I want to say thank you for the tears I couldn’t hold back when I got home. Going shopping with my daughter Gianna is unfortunately intimidating and worrisome at times. As much as I like to believe all people are kind, there are many who are still ignorant and hurtful. I always get asked how old Gianna is, and when I say her age, I get an awkward moment of silence or a comment about her size: “Oh wow, she is too tiny.” The next question is usually, “Is she running around everywhere?” My reply is, “Nope, not yet.” Then another awkward moment of silence.
Many times I should use these moments as a chance to educate someone on what life with Down syndrome is all about. How she had open heart surgery at 4 months old and had trouble with gaining weight because of her condition and the time it took to recover. How individuals with Down syndrome might have a shorter stature. I want to express to them how hard she works to keep up and hit milestones as she grows. How she is more alike than different and I am OK with that, and they should be, too. Everyone is fighting their own battles, so stop passing judgment.
Today you didn’t do any of those things. You looked at her and smiled. You asked me how old she was and when I said almost 2, you said, “Wow she’s almost 2 years old, look how far she has come!” You gave her a balloon and I asked Gianna to say thank you by doing sign language. It took her a second, but she did it. I hate to admit my knowledge of sign language is limited because I only focus on signs she’s able to do. Boy if I knew what you signed to her while in the store today, I would have fallen to my knees in tears. When I got home, I texted a picture of what you signed to a friend and she replied, “That means, ‘I love you.”
Thank you for accepting my daughter for who she is. I only wish for a life filled with love, happiness and joy for her regardless of the things she can or cannot do. You proved to me today that she will have a bright future because there are still good people in this world and more importantly, right here in her community. I wish I could’ve given you a hug and said all this to you face-to-face today. Your kindness and sweet gesture meant more than you can imagine. Thank you.
I shared this letter on a local Publix supermarket’s Facebook page in April 2015, and the response was absolutely astonishing. The employee, Bob, was honored by his fellow staff, managers and even district managers. He was made employee of the month and is now a friend of mine. There is so much good in the world, and this particular event made a lot of people remember that.
The 25-year-old from Omaha, Nebraska, has acted in school productions and wrote and produced a one-act stage performance in cooperation with a local high school.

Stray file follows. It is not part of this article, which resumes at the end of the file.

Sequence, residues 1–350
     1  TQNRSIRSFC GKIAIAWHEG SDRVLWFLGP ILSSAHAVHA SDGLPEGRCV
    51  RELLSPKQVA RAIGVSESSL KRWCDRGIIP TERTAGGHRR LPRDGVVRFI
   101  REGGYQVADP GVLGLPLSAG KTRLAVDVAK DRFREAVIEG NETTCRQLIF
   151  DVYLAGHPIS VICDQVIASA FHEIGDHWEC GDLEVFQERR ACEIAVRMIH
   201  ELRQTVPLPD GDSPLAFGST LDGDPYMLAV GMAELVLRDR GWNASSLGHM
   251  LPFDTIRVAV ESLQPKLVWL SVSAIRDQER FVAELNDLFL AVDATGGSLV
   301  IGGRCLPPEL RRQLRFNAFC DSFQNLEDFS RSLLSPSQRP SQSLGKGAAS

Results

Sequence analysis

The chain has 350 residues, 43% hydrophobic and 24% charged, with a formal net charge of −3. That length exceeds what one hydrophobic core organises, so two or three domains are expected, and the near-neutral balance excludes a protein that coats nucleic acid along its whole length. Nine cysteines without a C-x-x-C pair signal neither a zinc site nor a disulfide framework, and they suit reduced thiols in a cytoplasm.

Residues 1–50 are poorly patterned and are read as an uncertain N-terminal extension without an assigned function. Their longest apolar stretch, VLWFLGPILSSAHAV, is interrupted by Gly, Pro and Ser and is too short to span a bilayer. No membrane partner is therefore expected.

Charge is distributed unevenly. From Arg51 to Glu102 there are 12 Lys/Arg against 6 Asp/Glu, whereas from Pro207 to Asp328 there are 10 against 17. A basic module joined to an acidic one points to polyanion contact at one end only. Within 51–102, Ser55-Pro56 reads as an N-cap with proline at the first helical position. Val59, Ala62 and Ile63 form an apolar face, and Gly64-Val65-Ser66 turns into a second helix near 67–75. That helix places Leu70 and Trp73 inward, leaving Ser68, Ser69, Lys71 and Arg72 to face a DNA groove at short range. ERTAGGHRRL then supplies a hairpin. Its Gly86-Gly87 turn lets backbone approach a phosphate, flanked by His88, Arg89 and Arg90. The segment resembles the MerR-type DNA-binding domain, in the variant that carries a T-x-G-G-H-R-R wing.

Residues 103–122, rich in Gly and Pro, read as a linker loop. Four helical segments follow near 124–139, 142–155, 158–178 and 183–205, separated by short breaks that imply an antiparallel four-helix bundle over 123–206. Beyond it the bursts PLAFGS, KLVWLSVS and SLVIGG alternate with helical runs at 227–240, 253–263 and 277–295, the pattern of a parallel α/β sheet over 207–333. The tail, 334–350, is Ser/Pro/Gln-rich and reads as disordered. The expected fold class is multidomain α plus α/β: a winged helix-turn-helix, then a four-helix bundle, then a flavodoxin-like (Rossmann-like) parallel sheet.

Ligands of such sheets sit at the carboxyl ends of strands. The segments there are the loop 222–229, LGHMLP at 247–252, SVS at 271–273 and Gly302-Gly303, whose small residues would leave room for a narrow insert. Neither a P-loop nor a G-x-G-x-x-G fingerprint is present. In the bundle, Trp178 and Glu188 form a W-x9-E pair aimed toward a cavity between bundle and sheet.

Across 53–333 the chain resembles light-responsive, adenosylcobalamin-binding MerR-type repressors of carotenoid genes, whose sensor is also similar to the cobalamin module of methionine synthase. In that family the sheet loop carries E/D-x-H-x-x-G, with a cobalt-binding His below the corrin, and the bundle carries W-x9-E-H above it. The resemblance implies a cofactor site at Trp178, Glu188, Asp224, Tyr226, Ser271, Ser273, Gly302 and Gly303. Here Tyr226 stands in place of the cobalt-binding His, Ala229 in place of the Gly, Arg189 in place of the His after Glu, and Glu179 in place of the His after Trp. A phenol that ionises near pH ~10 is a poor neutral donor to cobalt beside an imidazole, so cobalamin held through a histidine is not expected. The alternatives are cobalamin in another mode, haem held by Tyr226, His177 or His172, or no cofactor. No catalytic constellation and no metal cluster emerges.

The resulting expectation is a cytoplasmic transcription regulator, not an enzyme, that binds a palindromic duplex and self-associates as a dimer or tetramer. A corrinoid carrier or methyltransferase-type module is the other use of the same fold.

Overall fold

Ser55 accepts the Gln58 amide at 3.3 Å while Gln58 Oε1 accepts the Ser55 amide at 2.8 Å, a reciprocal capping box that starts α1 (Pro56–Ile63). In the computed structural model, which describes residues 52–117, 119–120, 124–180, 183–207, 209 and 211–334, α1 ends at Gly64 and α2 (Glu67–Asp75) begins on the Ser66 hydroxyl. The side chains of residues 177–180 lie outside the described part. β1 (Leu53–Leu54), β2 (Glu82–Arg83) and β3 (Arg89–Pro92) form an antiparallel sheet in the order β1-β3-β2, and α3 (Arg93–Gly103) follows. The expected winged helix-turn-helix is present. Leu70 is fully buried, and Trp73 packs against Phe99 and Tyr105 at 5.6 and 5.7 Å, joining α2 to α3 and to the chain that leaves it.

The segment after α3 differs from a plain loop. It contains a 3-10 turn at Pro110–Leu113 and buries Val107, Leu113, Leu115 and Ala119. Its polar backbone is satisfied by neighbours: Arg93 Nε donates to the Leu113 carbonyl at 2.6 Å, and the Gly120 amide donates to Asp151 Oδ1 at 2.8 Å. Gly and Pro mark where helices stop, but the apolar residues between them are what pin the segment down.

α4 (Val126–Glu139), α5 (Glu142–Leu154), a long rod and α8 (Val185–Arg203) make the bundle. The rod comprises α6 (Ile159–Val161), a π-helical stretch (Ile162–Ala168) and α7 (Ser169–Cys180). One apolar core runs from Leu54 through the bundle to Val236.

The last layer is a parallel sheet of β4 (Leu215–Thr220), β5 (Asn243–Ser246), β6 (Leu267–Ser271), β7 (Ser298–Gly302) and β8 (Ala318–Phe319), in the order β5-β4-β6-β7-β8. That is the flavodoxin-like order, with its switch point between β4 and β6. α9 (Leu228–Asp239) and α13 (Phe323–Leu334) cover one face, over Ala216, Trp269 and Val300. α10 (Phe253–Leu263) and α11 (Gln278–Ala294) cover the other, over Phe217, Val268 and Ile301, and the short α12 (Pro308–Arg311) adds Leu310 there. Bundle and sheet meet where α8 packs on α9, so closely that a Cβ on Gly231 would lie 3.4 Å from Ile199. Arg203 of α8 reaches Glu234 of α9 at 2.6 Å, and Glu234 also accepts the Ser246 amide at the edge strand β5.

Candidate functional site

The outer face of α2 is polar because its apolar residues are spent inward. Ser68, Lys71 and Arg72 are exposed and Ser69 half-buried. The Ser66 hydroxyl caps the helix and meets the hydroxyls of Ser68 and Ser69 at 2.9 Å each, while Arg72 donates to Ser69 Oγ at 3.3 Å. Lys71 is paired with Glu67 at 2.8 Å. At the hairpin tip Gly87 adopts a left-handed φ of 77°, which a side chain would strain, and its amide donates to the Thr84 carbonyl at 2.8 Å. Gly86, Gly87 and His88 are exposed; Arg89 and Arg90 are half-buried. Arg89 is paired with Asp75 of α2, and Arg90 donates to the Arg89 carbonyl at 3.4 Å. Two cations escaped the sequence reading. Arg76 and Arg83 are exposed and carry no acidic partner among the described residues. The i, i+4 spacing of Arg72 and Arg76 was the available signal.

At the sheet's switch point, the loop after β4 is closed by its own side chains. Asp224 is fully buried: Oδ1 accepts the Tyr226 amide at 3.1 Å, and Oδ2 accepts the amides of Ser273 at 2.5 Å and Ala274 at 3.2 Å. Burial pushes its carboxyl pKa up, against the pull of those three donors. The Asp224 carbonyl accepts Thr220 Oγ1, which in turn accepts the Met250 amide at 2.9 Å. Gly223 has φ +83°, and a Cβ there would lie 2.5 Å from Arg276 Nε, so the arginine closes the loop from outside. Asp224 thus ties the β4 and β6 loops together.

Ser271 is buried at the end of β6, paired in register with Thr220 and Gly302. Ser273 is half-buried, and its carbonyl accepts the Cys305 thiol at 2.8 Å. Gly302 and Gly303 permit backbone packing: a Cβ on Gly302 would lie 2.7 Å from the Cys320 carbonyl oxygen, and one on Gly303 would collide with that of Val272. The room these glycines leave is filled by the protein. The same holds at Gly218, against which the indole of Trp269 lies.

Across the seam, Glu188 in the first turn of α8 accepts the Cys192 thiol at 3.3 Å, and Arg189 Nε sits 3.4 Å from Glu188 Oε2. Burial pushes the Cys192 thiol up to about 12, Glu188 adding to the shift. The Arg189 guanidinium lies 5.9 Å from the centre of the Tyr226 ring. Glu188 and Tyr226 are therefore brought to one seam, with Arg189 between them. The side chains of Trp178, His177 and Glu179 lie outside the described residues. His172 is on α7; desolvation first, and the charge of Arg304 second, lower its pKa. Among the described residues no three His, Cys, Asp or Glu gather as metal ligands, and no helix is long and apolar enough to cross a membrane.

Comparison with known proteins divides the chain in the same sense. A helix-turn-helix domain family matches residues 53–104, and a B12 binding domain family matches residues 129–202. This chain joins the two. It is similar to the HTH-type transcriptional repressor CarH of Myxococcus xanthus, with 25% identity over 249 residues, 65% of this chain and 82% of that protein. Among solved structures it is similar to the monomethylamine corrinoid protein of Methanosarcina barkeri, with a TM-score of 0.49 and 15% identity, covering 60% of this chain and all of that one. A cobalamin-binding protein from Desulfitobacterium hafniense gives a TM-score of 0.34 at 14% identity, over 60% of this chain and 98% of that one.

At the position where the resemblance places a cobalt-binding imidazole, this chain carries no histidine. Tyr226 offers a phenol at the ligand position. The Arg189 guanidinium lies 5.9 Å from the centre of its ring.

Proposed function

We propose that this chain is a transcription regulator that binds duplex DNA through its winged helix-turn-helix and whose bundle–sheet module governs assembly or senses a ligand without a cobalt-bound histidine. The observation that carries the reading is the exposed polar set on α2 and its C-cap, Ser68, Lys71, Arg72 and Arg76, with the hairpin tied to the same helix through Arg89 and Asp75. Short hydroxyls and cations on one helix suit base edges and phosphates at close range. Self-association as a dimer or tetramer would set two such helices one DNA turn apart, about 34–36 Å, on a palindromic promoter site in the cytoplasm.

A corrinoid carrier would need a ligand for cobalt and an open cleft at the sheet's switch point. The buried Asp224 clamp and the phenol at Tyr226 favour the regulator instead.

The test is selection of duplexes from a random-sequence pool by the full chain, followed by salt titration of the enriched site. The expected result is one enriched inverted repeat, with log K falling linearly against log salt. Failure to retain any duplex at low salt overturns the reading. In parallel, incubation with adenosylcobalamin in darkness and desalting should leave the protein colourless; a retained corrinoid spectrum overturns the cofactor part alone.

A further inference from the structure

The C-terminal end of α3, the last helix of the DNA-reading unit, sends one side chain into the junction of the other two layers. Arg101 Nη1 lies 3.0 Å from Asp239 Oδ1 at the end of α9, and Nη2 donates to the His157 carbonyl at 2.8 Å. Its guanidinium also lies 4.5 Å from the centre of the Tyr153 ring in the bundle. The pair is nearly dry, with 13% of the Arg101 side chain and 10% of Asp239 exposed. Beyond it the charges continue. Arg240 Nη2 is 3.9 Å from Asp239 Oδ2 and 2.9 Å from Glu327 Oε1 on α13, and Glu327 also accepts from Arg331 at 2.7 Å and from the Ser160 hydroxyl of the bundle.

Sikora also has Down syndrome, but that hasn’t stopped him from achieving something that would be impressive for any 25-year-old. As of June 2015, he can add “published author” to his list of accomplishments.
Sikora’s first book, “Black Day: The Monster Rock Band,” is an illustrated 40-page children’s book. It tells the story of Brad, a paperboy who dreams of becoming a rock star. When Brad discovers the band “Black Day” — comprised entirely of monsters — rehearsing in an old garage, he approaches them and asks if he can become their new bass player. The monsters’ response is swift: “No humans!” So Brad sets out to change their minds. However, he realizes the “Black Day” bandmates have much bigger concerns on their minds.
“[Marcus] is an incredible storyteller with an imagination to be envied,” his mom Mardra Sikora told The Mighty in an email. She and her son worked on “Black Day” together with Marcus Sikora dictating the story as his mom transcribed it.
“Sometimes I’d ask ‘What’s next?’ or ‘Why?’ and Marcus would answer, ‘Stuck,'” Mardra Sikora told The Mighty. “‘All right,’ I’d say, ‘We’ll come back to that.’ Then the next week, we’d pick it up again.”
An animated short version of the book, which Marcus Sikora wrote, directed and voices for one of the characters, will be released on DVD around October 1 (trailer below). A “Black Day” music video is also in the works. In the meantime, Sikora is already contemplating the book’s sequel.
Watch the trailer for the animated short and take a look at some of the book’s illustrations below.
The restaurant was buzzing with customers and conversation. Our family of six was tightly packed into a booth made for four, and I was trying my best to keep my kids, Beau and Bitty, happy by making tiny towers out of jelly packs we had found on the table. One, two, three, four … crash. The jelly tower fell over and a roar of laughter erupted at our booth. “Do it again, Mama” Beau insisted. How could I resist? Ten towers, five nursery rhymes and 30 rounds of peek-a-boo later, our waitress finally arrived to take our order.
“Cheese-ba-gurger, smiley fries and ketchup, please,” Beau confidently stated. More laughter and lots of high-fives. We all love the way Beau says “cheeseburger” and, more importantly, we love watching him exercise his independence.
But we’re not the only ones who love watching him.
In this crowded, chaotic moment, I feel the stillness of stares and it makes me smile.